August anderberg, purchased area number 7, nedreglumslöv, in 1867. that was the official title of the site. The judge had a house built and called the property mariehild after his wife.
His particular interest was botany and his ambition was to plant tropical trees and bushes on his property. Trees planted by the judge still exist today in the park grounds.
Countess Constance Wachtmeister acquired the property following the death of Anderberg in 1883. She was the widow of the Minister of Foreign Affairs, Count Wachtmeister, French by birth and daughter of a French marquis. Following her husband´s death she devoted her time and interests to growing unusal trees and spiritualism. She organized the park grounds, added balconies and towers to the house and also changed the name Mariehild to Maryhill which considered more English sounding.
Visit by King Oscar II
Count Fredrik Posse bought Maryhill in the beginning of the 1890´s. The Countess Wachtmeister had moved abroad. Fredrik Pose constructed railways. He was highly thought of by the local population and became somewhat of a folk hero, although he received a three month prison sentence, which he served in Landskrona jail, for willfully building a railroad line over a competitors railway. Triumphal arches were erected for him at Ålabodarna and he returned to Maryhill after serving his sentence. Prior to this, King Oscar II had anchored just outside Ålabodarna. Here he inaugurated the new harbour, had his named engraved in stone and dined with the Count and Countess of Maryhill.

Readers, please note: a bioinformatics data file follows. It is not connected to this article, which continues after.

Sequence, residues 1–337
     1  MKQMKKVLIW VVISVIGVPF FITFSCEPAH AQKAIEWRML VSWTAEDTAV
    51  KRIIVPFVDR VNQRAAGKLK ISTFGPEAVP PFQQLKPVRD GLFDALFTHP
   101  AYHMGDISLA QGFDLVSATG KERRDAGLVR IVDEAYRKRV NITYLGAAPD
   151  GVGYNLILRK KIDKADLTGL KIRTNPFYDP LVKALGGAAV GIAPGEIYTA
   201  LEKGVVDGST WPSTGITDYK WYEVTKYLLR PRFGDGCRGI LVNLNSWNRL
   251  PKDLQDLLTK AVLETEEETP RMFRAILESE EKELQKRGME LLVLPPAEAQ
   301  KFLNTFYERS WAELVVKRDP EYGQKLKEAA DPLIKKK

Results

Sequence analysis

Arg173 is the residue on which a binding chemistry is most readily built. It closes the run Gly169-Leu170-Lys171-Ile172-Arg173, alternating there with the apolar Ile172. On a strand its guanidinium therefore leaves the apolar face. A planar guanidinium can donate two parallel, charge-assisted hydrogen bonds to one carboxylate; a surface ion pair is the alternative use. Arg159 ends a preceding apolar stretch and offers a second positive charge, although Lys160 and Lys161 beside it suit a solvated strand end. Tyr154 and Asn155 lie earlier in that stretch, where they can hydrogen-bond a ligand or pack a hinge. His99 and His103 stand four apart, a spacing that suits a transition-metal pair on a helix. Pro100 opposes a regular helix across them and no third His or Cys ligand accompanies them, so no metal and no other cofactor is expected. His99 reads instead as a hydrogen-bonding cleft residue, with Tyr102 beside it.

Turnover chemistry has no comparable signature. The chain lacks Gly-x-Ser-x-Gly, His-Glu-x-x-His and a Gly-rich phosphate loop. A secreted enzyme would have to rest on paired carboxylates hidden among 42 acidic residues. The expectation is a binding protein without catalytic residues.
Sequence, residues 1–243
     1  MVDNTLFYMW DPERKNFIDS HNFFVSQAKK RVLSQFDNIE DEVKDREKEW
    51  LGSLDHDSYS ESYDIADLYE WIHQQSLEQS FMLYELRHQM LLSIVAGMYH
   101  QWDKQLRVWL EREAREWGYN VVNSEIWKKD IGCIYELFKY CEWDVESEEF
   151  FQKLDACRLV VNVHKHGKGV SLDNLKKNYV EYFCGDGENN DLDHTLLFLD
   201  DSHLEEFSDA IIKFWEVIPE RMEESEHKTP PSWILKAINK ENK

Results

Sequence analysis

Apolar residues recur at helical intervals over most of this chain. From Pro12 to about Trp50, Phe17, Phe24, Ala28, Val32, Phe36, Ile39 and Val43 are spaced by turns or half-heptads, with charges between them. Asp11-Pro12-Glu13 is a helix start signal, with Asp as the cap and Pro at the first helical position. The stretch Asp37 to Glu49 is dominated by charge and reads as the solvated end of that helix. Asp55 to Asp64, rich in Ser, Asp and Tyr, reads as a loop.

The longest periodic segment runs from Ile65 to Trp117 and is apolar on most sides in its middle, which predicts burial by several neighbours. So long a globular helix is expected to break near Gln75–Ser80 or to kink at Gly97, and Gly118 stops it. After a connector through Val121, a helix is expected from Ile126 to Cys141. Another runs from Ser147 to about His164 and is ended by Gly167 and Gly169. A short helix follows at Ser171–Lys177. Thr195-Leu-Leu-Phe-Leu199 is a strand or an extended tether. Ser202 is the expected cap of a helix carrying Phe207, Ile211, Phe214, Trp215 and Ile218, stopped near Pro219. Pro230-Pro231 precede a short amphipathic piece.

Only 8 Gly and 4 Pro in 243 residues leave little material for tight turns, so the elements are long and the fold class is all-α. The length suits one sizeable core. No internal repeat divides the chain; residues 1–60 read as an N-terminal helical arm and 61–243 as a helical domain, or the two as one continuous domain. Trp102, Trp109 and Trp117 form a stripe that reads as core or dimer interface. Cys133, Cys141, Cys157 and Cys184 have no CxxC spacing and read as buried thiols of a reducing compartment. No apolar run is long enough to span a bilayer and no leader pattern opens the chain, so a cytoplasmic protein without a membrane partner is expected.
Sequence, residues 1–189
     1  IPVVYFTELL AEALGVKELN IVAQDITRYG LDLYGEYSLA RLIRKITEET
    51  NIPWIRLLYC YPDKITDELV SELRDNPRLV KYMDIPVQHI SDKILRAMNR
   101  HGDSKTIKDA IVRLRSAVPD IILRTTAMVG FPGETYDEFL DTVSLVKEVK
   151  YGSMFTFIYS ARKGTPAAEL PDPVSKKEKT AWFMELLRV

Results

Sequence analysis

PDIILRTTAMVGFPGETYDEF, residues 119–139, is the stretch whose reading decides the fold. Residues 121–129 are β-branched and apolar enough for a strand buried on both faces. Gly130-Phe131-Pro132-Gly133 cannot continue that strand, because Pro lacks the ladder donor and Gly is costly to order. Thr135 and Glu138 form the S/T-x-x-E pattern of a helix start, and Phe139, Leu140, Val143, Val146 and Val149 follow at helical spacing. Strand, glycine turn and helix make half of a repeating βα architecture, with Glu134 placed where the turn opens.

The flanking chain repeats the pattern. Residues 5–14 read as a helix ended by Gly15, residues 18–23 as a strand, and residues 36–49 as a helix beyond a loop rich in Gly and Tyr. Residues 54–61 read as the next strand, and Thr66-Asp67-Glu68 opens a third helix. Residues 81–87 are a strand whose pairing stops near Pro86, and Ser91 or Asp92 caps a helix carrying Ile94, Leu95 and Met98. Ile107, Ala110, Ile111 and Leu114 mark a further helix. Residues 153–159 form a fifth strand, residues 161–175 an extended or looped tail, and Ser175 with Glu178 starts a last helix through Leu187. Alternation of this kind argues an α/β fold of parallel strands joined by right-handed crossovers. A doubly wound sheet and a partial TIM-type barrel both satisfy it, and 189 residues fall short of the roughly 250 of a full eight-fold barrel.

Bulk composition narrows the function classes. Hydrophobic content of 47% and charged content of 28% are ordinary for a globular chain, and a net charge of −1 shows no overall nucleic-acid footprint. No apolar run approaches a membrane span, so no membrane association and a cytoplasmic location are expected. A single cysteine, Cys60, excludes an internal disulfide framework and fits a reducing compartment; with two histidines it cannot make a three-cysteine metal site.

Fredrik Posse was not only a builder of railways. He ran a cotton factory in Annelöv and bought ore-fields in Norrland. He passed away in 1897 but his daughter, Amelie, has portrayed his life at Maryhill in the book ”In the beginning there was light”.
The Posse family lost a large part of their fortune in a process concerning ore-fields in Norrland and Maryhill was sold to the ”Sugar-king” Carl Tranchell. It was his aim to construct a palace here similar to Versailles. But Tranchell´s sons managed to avert the idea from becoming a reality. The town architect of Landskrona, Fredrik Sundbärg, drew up new plans resulting in the way the castle looks today. Construction was carried out from 1914-1918. The building cost 1 million Swedish kronor, an incomprehensible amount in those days.
Following in the death of Tranchell in 1919, Örenäs Castle, was bought by Fredrik Bonde, who lived here until 1939. Bonde was brought to the attention of Nazi sympathizers who wanted to acquire the property as a place of recreation for high ranking nazis. Fredrik Bonde declined and instead sold Örenäs Castle to the trade union organization of Scania. In 1943 Örenäs Castle was opened as a holiday hotel and course center. Reso was responsible for the running costs and later acquired the property.
During the Second World War Örenäs Castle was turned into a sanctuary for Danish and Estonian refugees. In the castle cellar there are two places, Eesti Club and the games hall, where the refugees have made wall paintings in memory of this period.
Modern hotel and conference facility
Today Örenäs Slott offers modern accommodation in different environments - in the castle, the mansion or in the hotel - spread over 115 rooms and 228 beds. Our modern conference center is ideal for groups up to 400 people, with 16 meeting rooms, study rooms, seven acres of parkland and a castle restaurant with sea views.